Paris, Jerusalem And Florence: The Vacation Destinations Most Likely To Cause Visitors To Seek Psychiatric Help

They say travel broadens the mind, but it appears that some vacation destinations can actually blow your mind.

The cities of Florence, Jerusalem and Paris all have psychiatric disorders associated with them - and tourists are the most likely to fall prey to them.


Paris Syndrome is an affliction primarily affecting Japanese tourists visiting the City of Light for the first time, who succumb to extreme culture shock and the shattering of their romantic image of the city.

While an encounter with a rude Parisian waiter may be considered par for the course by most Western tourists, BBC News reports that for the Japanese - used to a more polite society in which voices are rarely raised in anger - the experience of having their dream city turn into a nightmare can simply be too much.

Wikipedia describes the symptoms of Paris Syndrome as including "acute delusional states, hallucinations, feelings of persecution, derealization, depersonalization, anxiety, and also psychosomatic manifestations such as dizziness, tachycardia and sweating."

According to The Atlantic Monthly, at least 20 tourists, most of them Japanese, were affected by the disorder in 2011.

According to BBC News, the Japanese embassy in France operates at 24-hour hotline for those suffering from extreme culture shock, which will help sufferers find counseling or other appropriate assistance.


Jerusalem is a city of huge importance for three of the world's major religions - Christianity, Judaism and Islam - and pilgrims to the city often become overcome with emotion when visiting significant religious sites.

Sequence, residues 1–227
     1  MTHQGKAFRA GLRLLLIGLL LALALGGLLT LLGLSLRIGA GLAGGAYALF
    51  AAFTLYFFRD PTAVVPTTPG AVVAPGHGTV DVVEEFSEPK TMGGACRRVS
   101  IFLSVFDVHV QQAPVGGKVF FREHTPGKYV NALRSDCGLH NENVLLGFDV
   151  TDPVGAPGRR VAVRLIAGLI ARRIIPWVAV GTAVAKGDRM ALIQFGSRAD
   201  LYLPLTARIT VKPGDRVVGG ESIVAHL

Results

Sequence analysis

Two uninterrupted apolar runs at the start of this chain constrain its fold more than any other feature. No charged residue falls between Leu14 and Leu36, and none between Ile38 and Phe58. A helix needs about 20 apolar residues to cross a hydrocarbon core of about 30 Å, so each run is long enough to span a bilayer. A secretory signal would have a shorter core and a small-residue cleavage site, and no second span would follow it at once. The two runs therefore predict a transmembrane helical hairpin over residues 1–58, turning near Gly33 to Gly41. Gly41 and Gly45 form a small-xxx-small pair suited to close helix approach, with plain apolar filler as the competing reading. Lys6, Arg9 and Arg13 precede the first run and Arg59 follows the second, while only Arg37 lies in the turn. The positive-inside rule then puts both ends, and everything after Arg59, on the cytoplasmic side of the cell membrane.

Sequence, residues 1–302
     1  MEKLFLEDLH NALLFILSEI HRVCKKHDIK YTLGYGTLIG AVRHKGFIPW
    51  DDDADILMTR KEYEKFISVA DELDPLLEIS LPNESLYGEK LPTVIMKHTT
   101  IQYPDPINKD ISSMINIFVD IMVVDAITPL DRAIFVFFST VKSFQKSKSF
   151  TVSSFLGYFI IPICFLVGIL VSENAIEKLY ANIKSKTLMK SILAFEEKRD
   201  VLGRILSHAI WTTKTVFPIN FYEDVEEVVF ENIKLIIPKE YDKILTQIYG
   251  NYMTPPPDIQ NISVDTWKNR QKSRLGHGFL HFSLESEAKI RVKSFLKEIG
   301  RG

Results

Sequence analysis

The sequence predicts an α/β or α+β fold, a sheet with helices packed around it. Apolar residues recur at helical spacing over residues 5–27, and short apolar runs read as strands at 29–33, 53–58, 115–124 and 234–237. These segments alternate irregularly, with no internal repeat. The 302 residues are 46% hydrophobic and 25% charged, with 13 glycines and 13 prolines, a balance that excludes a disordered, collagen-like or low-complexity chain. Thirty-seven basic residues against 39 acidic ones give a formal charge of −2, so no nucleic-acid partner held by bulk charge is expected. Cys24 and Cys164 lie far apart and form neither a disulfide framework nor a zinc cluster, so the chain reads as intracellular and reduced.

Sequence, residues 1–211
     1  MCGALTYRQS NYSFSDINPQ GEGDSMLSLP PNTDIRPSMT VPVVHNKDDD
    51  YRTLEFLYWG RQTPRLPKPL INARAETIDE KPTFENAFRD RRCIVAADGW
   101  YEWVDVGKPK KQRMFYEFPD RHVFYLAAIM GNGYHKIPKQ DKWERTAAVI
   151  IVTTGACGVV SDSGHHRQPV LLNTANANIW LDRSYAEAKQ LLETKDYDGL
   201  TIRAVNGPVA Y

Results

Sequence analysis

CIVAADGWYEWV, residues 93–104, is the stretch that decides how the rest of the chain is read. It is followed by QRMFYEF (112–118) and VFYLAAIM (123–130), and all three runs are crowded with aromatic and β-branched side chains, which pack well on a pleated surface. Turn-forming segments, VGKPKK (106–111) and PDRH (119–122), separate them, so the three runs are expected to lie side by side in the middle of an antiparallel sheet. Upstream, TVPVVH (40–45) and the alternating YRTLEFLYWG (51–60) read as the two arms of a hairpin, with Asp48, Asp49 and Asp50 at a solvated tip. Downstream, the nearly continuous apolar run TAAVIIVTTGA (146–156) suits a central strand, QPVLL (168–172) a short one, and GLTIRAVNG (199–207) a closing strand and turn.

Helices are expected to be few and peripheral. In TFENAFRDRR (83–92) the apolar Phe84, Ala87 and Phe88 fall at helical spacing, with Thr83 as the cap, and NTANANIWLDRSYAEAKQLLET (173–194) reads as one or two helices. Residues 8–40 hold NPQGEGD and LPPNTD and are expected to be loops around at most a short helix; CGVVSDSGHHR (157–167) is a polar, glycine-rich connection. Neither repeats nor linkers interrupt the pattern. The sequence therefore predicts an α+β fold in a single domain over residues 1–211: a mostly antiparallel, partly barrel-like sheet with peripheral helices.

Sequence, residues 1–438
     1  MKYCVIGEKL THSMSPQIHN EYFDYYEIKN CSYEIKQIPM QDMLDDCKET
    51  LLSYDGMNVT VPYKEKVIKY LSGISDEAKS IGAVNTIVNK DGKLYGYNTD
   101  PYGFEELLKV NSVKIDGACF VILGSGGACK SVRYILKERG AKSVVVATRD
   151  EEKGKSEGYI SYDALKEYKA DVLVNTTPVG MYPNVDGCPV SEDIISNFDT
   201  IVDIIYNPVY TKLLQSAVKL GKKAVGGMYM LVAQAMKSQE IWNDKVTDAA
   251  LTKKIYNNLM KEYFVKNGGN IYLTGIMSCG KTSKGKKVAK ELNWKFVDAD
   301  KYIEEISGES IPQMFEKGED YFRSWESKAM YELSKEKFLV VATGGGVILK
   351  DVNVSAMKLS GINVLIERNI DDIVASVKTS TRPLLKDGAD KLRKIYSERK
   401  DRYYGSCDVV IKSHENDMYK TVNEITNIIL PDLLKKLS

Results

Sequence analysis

Some tourists however, become so consumed with religious fervor that they come to believe that they are figures from ancient religious stories, including King David, Samson and indeed, Jesus himself.

How Stuff Works describes a case study of a Jerusalem Syndrome sufferer:

A middle-aged American decided that he himself was actually Samson. The modern-day strongman got an idea that part of the Western Wall needed to be moved. He spent time bodybuilding and came to Israel to move it. After a skirmish with authorities, he landed in a psychiatric hospital.

While at the hospital, one of the mental health professionals inadvisedly told the man that he was not, in fact, Samson. "Samson" smashed through a window and escaped the hospital. A nurse found him at a bus stop and praised his Samson-like strength, at which point he cooperated.

Wired describes the experience of another Jerusalem Syndrom suffer who heard a voice commanding him to fast for 40 days and 40 nights.

The Jerusalem Syndrome was first identified in 1982, by Israel's Dr. Yael Bar-El. In the video below, which was shot in 1994, the doctor says that the city's psychiatric hospitals had treated over 500 in-patient cases of Jerusalem Syndrome in the preceding 12 years, and many more as out-patients.

Also in the video below, tour guide Ido Keyan describes how Jerusalem syndrome sufferers "forget about English - they don't know English anymore. They speak in tongues."

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Florence Syndrome, also known as Stendhal Syndrome is, a psychosomatic disorder that causes rapid heartbeat, dizziness, fainting, confusion and even hallucinations when an individual is exposed to art, usually when the art is particularly beautiful or a large amount of art is in a single place.

Though not exclusive to the city of Florence - the syndrome takes its name from 19th-century French author Stendhal, who wrote of feeling overcome by the beauty of the Renaissance artworks he encountered in Florence during his travels in Italy in 1817.

The Palazzo Medici Riccardi in Florence, the interior of which is almost entirely covered with incredible examples of Renaissance art has, according to the Daily Telegraph, caused visitors to "swoon, in particular, in the palace's chapel, which features a vivid 'Journey of the Magi' – a portrait of Medici family members from the 15th century."

Symptoms of Florence Syndrome include vertigo, fainting, confusion and even hallucinations.